Learning Records You can document learning by summarizing.) . in narrative form. forward in time. Be sure to keep this section current. Revise. and an honest. and record significant events and milestones. or may be starting it at a particular point in your career. Spirals. Artifacts The portfolio provides a convenient place to collect and organize evidence that supports your learning. in addition to when you are changing jobs. This relates to the concept of helicy. and Helicy This is the learning or prospective aspect of your portfolio. You may have started this section during your autobiographical review. The points of the star represent the retrospective elements: 1. 3. 2. Completed learning plans and professional development records can go here. add to it. Résumé/CV Be sure to include your volunteer activities and to summarize your learning from these. the projection of aspects of yourself in the future. for inclusion in your portfolio. significant learning events. Autobiographical Review A one-time activity when you reflect on the course of your life. light. and charts your progress of your planned continuing professional development. Remember to keep this section current. and update it to learn more about you. growth. or laterally. products of your learning. becoming better at what you do. It contains your current learning plans. and development throughout your professional practice. this represents the concept of helicy. (Picture a spiral or a spring being pulled by each end. projects. and you will be prepared to showcase yourself in the best.130 APPENDIX C Model of Portfolio Development: Explanatory Notes The Star: This part of your portfolio contains your history and represents all that you are and bring to your career. 4. Philosophy of (Psychiatric) Nursing What are your beliefs about (psychiatric) nursing? About your subspecialty area of practice? Review and revise periodically to see how your ideas change and develop over time. Gather any artifacts you have saved. or any other situation. Cycles. Be timely in filing your new artifacts! 5. You may find an annual or semi-annual review and update useful. Review this section. as well as summarizing significant learning from and on the job. It cycles on throughout your career whether you choose to move upward.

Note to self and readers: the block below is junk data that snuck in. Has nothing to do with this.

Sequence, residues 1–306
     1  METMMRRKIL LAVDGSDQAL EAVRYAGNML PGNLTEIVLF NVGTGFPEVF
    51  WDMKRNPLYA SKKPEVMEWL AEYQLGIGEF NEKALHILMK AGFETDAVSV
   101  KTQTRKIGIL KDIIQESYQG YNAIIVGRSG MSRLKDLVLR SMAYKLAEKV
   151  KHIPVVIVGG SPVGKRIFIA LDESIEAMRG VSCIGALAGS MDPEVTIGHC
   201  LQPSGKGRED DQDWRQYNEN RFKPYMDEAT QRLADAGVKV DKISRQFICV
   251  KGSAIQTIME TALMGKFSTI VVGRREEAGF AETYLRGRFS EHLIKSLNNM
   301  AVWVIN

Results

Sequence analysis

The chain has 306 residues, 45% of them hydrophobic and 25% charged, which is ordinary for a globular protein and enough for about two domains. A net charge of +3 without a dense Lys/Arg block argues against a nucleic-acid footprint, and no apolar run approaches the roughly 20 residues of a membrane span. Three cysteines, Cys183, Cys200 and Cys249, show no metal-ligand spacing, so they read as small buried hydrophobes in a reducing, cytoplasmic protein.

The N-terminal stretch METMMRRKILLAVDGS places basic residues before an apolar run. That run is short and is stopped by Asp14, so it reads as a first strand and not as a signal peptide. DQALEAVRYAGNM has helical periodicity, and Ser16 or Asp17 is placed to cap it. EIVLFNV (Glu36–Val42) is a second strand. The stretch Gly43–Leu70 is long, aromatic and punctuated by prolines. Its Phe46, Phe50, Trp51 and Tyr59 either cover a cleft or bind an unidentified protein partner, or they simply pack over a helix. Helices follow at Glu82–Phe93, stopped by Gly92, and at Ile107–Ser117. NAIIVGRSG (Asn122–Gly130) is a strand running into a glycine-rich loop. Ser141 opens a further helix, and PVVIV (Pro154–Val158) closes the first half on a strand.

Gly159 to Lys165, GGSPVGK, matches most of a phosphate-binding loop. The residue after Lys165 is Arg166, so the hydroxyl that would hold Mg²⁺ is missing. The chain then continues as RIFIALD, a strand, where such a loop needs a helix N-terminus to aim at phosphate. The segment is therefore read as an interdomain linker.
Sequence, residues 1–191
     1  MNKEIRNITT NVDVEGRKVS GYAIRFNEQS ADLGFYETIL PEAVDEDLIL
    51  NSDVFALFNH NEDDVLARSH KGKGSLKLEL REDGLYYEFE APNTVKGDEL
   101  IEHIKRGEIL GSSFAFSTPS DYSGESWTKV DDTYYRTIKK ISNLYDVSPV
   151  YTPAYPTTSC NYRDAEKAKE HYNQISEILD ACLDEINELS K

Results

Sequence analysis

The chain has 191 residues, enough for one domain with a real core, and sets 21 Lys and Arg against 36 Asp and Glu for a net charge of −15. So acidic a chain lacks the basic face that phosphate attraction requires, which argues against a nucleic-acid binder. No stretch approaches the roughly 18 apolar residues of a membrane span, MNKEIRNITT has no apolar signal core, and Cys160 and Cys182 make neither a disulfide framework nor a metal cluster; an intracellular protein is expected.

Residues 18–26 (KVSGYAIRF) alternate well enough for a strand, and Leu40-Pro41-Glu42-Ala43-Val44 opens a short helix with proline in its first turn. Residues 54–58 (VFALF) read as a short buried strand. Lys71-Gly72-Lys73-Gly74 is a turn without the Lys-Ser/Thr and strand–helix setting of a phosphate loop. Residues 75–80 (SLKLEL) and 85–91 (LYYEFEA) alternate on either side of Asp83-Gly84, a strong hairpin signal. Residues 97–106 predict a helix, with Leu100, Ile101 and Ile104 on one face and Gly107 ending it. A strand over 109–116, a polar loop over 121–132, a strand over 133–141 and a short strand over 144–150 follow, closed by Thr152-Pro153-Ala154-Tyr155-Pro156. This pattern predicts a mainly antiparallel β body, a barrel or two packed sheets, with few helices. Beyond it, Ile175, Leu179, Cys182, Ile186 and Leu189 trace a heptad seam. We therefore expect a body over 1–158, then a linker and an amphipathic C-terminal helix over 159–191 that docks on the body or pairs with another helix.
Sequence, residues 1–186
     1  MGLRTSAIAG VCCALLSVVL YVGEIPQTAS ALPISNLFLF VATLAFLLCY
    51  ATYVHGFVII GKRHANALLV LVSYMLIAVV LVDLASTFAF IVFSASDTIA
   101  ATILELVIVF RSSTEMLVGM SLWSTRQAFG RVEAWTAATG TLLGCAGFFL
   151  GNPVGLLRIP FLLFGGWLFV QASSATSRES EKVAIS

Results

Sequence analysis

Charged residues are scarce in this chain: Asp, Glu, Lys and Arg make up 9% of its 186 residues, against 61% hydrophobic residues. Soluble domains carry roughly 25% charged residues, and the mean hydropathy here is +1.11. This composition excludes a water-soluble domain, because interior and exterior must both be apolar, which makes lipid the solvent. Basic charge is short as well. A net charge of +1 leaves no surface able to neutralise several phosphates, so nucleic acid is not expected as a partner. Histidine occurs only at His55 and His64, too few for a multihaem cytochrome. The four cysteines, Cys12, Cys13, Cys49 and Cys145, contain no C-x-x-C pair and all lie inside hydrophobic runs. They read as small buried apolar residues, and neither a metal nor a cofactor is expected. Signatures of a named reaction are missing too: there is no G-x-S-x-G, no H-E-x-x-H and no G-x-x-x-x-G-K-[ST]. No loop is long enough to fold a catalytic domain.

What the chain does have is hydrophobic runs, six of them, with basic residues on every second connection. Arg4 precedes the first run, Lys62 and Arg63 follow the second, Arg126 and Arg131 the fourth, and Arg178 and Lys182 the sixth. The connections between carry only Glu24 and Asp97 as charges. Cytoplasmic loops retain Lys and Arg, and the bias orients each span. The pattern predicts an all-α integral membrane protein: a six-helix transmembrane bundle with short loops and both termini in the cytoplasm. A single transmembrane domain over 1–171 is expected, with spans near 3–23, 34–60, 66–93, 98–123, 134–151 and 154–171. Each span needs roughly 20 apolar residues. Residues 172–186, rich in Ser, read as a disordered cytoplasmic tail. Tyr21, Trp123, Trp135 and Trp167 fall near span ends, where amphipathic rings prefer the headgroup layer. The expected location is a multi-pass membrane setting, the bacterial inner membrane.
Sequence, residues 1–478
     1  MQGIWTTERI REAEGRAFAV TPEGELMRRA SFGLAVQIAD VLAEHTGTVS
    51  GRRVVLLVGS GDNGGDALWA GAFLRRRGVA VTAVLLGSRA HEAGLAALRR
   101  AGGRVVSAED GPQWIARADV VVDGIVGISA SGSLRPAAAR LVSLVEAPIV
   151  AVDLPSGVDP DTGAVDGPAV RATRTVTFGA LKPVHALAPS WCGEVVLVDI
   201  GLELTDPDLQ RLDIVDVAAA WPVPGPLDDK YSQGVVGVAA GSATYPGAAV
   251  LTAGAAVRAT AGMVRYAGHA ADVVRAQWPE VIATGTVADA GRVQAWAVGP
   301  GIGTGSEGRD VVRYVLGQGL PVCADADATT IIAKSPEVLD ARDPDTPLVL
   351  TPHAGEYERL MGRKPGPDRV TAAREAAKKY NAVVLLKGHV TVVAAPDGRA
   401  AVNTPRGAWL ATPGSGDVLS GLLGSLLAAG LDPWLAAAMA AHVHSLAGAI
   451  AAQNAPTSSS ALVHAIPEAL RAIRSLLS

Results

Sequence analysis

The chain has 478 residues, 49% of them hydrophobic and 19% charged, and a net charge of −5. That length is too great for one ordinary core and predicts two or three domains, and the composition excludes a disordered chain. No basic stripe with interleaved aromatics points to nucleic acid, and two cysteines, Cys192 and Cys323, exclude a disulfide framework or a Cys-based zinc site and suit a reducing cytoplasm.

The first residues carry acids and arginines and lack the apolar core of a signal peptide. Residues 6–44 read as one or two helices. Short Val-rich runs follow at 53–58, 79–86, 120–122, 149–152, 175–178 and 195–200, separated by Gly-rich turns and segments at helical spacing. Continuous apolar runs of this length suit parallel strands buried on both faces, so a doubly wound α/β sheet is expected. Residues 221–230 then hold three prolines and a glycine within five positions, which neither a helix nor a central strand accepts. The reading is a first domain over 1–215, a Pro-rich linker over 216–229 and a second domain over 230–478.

Peer Assessment and Feedback At least once a year. After one learning project is completed. at least annually. Learning Journal This section holds an ongoing record of your learning activities. based on a combination of your professional practice standards. Self-Assessments Complete a self-assessment. . a new plan is developed to meet further learning needs. competencies. ask (a) trusted peer(s) to provide you with feedback on your professional practice. and reflections on your practice and learning as they occur. and job description. Learning Plan The learning plan based on identified needs.131 a. b. d. code of ethics. c.